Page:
On June 5, 2018, CUPE NL President Sherry Hillier and CUPE National Researcher Carol Ferguson spoke as presenters at the Auto Insurance Review Board hearing conducted by the NL Public Utilities Board.
Members on the bench of the Auto Insurance Review included Chair and CEO Darlene Whalen, Commissioner Dwanda Newman, Vice-Chair of the Board, and Commissioner Jim Oxford.
The Public Utilities Board was initiated by the Government of Newfoundland and Labrador to “review and report on a number of issues with respect to automobile insurance in the province, including the reasons behind increasing claims costs for private passenger vehicles and taxi operators, and options to reduce these costs. The Board has been specifically asked to examine the impact on rates and implications for claimants of introducing a monetary cap on claims for non-economic loss for minor/mild injuries or continuing with the current deductible of $2,500 or increasing the deductible.”
The hearings are scheduled from June 4 to June 14, 2018 and may be extended if necessary.
Other parties at the hearing included the Consumer Advocate, the Atlantic Provinces Trial Lawyers Association, the Campaign to Protect Accident Victims, Spinal Cord Injury NL, and the Insurance Bureau of Canada.
All information and documents filed in the review will be placed on the record and on the Board’s website, including CUPE NL’s written submission. Transcripts of the hearing will be distributed electronically to the parties and will also be posted on the website.
CUPE NL supports the development of a publicly owned, full service, non-profit automobile insurance system to deliver comprehensive, no-fault insurance to all licensed drivers in the province, including private passenger drivers, independent commercial owner-operators and fleet company drivers (such as trucking, courier, and taxi companies) at fair, non-discriminatory rates.
CUPE NL excerpt from the transcript dated June 5, 2018
Sherry Hillier: Thank you, Board. I’m Sherry Hillier. I’m the newly-elected president of CUPE Newfoundland and Labrador, taking over the position of former president, Wayne Lucas.
Carol Ferguson: Good morning. Carol Ferguson. I am the research representative for the Atlantic Region of CUPE.
Sherry Hillier: Good morning. I’d like to thank the Board for the opportunity to speak to you today about automobile insurance. CUPE is the largest union with more than 650,000 members across the country. Our 6,300 members in Newfoundland and Labrador would, in various sectors, include health care, post-secondary K to 12 education, municipalities, housing, social services, libraries among others. CUPE Newfoundland and Labrador’s members are proud to provide services which support the development of vibrant healthy communities and strong local economies.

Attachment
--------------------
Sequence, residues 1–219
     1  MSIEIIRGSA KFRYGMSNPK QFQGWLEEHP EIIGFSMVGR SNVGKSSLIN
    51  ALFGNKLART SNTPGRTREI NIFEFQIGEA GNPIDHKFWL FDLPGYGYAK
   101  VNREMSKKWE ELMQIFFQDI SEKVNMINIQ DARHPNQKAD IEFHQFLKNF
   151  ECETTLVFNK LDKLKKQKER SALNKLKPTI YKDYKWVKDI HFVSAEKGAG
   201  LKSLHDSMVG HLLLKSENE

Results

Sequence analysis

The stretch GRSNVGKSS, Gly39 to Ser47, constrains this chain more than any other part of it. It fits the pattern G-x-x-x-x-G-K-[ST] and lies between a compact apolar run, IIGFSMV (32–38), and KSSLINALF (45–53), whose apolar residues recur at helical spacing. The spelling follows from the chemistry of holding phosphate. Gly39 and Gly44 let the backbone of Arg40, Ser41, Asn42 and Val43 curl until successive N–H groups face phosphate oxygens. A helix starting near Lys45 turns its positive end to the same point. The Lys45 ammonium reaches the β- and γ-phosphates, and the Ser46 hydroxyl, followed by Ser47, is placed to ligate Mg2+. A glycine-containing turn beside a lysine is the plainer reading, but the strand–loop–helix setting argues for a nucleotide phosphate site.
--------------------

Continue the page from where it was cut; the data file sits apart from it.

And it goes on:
CUPE Newfoundland and Labrador believes this review provides a valued opportunity to explore the possibilities of creating an improved automobile insurance system for the province. Instead of just tinkering with the existing system by tweaking the rates, adjusting the profits, moving the caps up and down, why not seize the opportunity to fix the problem once and for all?
CUPE recommends the creation of a publicly-owned non-profit automobile insurance that can offer fair, non-discriminatory rates and high-quality coverage for all licensed drivers, including private passenger drivers, independent commercial owner/operators, and drivers for fleet companies such as trucking, courier and taxi companies. By implementing a public auto insurance plan, Newfoundland and Labrador would become the fifth province within Canada to have a publicly-owned publicly-operated system of automobile insurance. British Columbia, Saskatchewan, Manitoba and Quebec have enjoyed the benefits of public auto insurance for many decades under governments of various political stripes.
Newfoundland and Labrador would be in the enviable position of being able to learn from experiences of other jurisdictions to design costs to implement made-in-Newfoundland and Labrador full service system to meet the vehicle insurance needs of the people of our province. CUPE Newfoundland and Labrador believes a public auto insurance plan makes good sense both economically and socially for our province.